Earlier this year, the F&C post from AFF was advertised. I got to the interview level but didn’t get it. Still, I kept on with the volunteer work in Immigration. However, I felt that I was a few years away from 40 and I wanted something definite and something that could bring a steady stream of income. So, I threw caution to the wind and started applying to join the RAF. The day I went to sit for my test, on the ride back home from Bournemouth, 2 of my good friends messaged me with “there’s another AFF F&C post being advertised”. I guess that was Gods way of allowing me to do what I am most passionate about. I applied and finally got in! The tears of joy that were shed the day I got the job, is probably one that will hold a record for my 'tagitagive' ways. Elated was an understatement.

After 5 years of volunteer work, there’s a few things I really want to stress:

  1. Volunteer work is INVALUABLE. If you can do it, do it with all your heart and do it well. People are watching, trust me, they are! I guess for the most part, your ability to give 100% to something that doesn’t give you any monetary returns speaks volumes to your character.

  2. When something is meant for you, nobody and nothing will stop you from having it. If your self talk is whack and your anxiety is high, just do it. Do it scared, do it crying, do it anxiety ridden, but JUST DO IT! Our minds at times can be our greatest enemy but if you can push yourself to just do things despite that fear then, congratulations!

  3. Do what you love and do it well. We all have passions buried deep within us that needs some serious digging to get to sometimes but if you are able to discover your purpose, run with it. Your purpose and your job is different and I can honestly say that I consider myself incredibly blessed to be able to do a job that holds my purpose. I will never take this lightly.

  4. If you are in the Armed Forces community, current and veteran here in the UK, please make use of the charity organizations that cater to our needs. I was lucky enough to use RFEA when trying to find jobs and I cannot speak enough praises for the RFEA team especially my beautiful employment coach- Sarah Penaluna. God brought this organization and this woman into my life when I needed it most. Apart from them, there are many more and a simple Google search will bring them up.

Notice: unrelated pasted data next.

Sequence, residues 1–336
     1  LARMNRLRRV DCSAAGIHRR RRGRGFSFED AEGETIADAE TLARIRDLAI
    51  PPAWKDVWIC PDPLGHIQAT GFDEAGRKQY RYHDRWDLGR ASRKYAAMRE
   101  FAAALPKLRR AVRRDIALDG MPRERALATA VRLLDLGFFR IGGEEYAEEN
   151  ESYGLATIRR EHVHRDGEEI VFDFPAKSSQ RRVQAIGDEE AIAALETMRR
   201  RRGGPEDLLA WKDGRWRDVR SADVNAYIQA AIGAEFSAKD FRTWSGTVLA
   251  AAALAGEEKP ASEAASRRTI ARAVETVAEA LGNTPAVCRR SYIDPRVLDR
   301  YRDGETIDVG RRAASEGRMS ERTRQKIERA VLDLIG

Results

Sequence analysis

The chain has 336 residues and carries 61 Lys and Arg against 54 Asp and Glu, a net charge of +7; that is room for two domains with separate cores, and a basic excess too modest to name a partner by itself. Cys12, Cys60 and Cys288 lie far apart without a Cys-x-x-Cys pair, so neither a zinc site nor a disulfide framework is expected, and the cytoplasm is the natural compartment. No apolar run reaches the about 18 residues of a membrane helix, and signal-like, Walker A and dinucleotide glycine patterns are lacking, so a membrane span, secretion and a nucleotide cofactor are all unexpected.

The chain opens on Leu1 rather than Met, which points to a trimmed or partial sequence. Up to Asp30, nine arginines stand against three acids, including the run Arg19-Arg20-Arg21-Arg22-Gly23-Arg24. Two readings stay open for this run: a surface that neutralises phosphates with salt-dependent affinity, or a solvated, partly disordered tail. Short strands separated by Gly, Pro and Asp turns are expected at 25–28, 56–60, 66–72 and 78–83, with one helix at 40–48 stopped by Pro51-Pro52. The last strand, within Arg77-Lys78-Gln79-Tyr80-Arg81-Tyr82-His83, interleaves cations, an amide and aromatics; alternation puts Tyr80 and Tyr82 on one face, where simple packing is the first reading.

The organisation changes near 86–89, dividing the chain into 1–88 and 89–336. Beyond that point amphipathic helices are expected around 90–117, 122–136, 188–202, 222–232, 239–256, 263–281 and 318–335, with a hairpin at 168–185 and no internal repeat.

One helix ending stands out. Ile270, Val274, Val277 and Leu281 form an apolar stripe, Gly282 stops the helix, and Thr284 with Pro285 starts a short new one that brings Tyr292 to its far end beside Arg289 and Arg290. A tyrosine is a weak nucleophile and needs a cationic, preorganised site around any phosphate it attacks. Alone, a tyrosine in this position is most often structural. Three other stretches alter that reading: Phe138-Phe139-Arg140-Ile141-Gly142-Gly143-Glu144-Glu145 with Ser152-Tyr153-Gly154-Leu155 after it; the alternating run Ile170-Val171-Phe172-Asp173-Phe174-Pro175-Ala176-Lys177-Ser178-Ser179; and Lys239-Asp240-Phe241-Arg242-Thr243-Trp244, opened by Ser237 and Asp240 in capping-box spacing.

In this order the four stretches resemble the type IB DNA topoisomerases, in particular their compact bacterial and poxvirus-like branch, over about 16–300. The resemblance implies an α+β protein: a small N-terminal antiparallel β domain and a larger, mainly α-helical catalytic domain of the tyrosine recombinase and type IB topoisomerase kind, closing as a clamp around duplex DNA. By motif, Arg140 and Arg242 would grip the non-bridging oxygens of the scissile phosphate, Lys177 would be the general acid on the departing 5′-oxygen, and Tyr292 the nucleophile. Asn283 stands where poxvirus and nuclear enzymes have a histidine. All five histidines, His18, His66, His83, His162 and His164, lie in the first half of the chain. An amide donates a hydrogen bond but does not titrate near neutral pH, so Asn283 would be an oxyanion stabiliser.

5. Constant higher levels of education is not for everyone. Maybe I lacked perseverance or maybe I just couldn’t sacrifice enough, BUT I’d really like to help more people to realize that you can still make it in life without the most amazing education. I know this might be a controversial stance but it’s something I’ve observed. You can make it through so many other ways. I know so many people who are doing amazing without all the educational achievements. I didn’t realize how rewarding having a side business of baking would be, but here we are. In saying that though, I have nothing but pure admiration and respect for people who are able to hack years and years of studying. It’s not easy and it’s definitely not for the faint of heart.

In saying all that I’ve shared, I'd like to add that no matter how amazing and how great success, positions and accolades are, never attach your worth to it. Your existence makes you valuable, everything else that comes with it is a bonus. It’s not a definition of you. It’s really taken me years to understand this. We are conditioned from such an early age to attain so much, to keep getting and keep striving. As great and as noble as this is, it’s sometimes scary because we tend to get on this road where nothing is ever enough. I’m learning to be content and to be more present and to enjoy, truly enjoy every moment and to revel in what I heard from a reel on Facebook as “mundane normality”.

And with that, thank you for reading. This piece might have been all over the place but I hope something here has caught your eye and warmed your heart.

All my love,

Suli.